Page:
Closer to home in North America, BRT is a small but growing phenomenon with one million passengers in 27 cities. The United States was fourth worldwide in terms of growth, with 104 kilometres of new lanes built in the last 10 years.


9.6 million annual riders on Highway 7 East rapidway

Here in York Region, we’re working hard to bring the vivaNext vision to life. Our current plan will include 34 kilometres of rapidway once construction is complete, connecting the communities of Markham, Vaughan, Richmond Hill and Newmarket. That includes the six kilometres already running in Markham. We’re also forging connections with the Spadina Subway Extension, and advancing plans for the Yonge North Subway Extension. In 2014, our Highway 7 East rapidway in Markham had 9.6 million riders, so we’re well on our way.

We’re building rapidways but the true end product is something much greater – mobility. Mobility makes everything possible. Because BRT runs in designated lanes it’s not subject to the whims of traffic. When our rapidways are complete, people will know they can rely on Viva service to get where they need to go – to work, to school, and to life.  As our communities grow and roads get more congested, our rapidway system will be ready to meet the growing demands of our region – part of a global movement moving people forward into the future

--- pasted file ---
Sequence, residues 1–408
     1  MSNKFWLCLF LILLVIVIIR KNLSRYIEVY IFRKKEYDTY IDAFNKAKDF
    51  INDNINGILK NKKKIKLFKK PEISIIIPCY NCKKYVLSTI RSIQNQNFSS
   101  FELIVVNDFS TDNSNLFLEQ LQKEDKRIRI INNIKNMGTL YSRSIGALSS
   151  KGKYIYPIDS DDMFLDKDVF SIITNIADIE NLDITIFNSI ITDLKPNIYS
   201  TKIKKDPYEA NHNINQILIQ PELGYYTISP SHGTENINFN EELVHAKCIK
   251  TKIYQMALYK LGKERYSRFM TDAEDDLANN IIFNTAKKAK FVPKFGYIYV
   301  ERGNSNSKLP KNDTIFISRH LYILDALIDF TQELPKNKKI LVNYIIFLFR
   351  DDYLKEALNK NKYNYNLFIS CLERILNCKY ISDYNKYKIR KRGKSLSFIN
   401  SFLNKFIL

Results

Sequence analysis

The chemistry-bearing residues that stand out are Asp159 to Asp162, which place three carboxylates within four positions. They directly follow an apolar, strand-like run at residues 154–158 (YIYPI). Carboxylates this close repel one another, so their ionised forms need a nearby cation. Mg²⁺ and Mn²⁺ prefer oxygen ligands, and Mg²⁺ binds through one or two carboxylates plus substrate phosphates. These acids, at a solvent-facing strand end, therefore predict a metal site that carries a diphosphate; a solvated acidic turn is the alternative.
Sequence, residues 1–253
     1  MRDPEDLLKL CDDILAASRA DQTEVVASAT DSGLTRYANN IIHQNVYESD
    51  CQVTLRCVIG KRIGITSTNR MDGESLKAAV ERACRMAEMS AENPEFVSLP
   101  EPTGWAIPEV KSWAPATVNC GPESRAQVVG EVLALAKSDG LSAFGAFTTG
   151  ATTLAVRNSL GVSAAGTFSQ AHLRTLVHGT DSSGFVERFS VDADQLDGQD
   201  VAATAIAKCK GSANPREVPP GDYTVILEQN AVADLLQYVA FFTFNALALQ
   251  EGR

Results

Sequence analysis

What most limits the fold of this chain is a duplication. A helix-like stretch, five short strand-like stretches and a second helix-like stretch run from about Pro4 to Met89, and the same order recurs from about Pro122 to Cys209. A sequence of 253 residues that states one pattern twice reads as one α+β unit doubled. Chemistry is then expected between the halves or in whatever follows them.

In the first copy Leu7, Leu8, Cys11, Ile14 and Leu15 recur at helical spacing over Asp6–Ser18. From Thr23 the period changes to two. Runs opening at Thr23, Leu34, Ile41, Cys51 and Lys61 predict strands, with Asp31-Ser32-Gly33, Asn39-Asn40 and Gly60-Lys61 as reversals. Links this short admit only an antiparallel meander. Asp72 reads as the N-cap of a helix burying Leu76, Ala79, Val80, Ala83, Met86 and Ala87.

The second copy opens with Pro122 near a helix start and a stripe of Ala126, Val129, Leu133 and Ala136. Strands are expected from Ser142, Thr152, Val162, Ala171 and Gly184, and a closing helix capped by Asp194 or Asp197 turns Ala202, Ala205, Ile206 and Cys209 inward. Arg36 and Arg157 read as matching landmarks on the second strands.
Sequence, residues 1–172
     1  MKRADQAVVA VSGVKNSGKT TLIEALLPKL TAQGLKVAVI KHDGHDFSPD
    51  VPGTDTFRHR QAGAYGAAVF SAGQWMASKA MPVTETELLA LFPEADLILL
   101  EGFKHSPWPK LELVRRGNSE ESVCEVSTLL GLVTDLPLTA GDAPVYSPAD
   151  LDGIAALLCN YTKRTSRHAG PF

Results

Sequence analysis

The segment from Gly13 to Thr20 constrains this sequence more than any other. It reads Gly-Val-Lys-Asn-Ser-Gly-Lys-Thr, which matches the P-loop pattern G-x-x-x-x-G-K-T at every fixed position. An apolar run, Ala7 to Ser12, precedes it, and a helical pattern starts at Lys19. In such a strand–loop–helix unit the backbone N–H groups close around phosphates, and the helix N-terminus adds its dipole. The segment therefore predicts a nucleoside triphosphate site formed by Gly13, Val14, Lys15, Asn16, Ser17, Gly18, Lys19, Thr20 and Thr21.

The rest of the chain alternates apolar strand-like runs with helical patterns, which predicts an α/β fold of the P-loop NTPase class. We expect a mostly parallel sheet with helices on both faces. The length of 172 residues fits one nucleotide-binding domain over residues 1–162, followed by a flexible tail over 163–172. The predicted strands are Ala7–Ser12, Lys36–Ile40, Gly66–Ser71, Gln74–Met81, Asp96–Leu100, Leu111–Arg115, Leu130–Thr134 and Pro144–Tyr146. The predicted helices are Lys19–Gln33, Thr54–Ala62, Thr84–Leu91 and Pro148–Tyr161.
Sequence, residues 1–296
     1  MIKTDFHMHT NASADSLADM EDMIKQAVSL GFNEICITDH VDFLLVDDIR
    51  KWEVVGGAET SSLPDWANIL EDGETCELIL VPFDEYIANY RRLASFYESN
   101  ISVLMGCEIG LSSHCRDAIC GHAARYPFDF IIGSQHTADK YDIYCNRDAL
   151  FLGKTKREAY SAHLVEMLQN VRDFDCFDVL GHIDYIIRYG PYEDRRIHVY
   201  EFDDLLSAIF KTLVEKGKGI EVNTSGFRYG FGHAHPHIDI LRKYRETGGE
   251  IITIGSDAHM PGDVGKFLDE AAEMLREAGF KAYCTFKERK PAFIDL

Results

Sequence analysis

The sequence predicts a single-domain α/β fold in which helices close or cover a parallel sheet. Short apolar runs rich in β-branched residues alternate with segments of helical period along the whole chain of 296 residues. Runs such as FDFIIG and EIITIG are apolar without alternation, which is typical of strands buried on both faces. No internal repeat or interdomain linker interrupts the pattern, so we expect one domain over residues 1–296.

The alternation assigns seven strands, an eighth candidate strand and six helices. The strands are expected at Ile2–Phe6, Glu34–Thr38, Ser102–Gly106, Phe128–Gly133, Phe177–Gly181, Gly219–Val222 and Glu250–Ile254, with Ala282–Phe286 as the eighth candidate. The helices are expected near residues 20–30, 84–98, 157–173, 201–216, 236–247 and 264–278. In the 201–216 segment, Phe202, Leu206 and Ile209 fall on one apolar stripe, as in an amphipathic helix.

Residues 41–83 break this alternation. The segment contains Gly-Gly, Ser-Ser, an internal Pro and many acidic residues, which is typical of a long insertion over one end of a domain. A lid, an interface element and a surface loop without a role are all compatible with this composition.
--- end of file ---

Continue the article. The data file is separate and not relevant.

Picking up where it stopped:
working hand-in-hand

Wednesday, June 17th, 2015

working hand-in-hand

Sometimes the best way to get through big, complex tasks is to split the workload – divide and conquer. This is especially true with York Region’s transit network, so we work alongside the Transportation Services Department.

With strategic plans in place, the Transportation Services Department plans the overall transportation network, including roads, transit and cycling. They create a Transportation Master Plan, which takes into account many factors, including ideas from residents, population growth and other statistics, provincial mandates like Places to Grow, and environmental protection measures like the Greenbelt and Oak Ridges Moraine. They also build and maintain roads, and through YRT/Viva, operate conventional YRT transit, Mobility Plus and Viva rapid transit.

At vivaNext [York Region Rapid Transit Corporation], we put the rapid transit part of the Transportation Master Plan in place. We work with all levels of government to acquire funding for each new project, whether it’s Bus Rapid Transit rapidways, subways, or transit facilities. We design and build these projects – including details like station locations and designs, sidewalks and lighting.

As the project manager, we set timelines and manage construction contracts. The rapidways are major infrastructure projects requiring careful scheduling and seamless handovers when each project goes into service. At this end point, the operations are handed over to YRT/Viva, and the maintenance is done by either York Region or the local municipality, depending on who owns the road.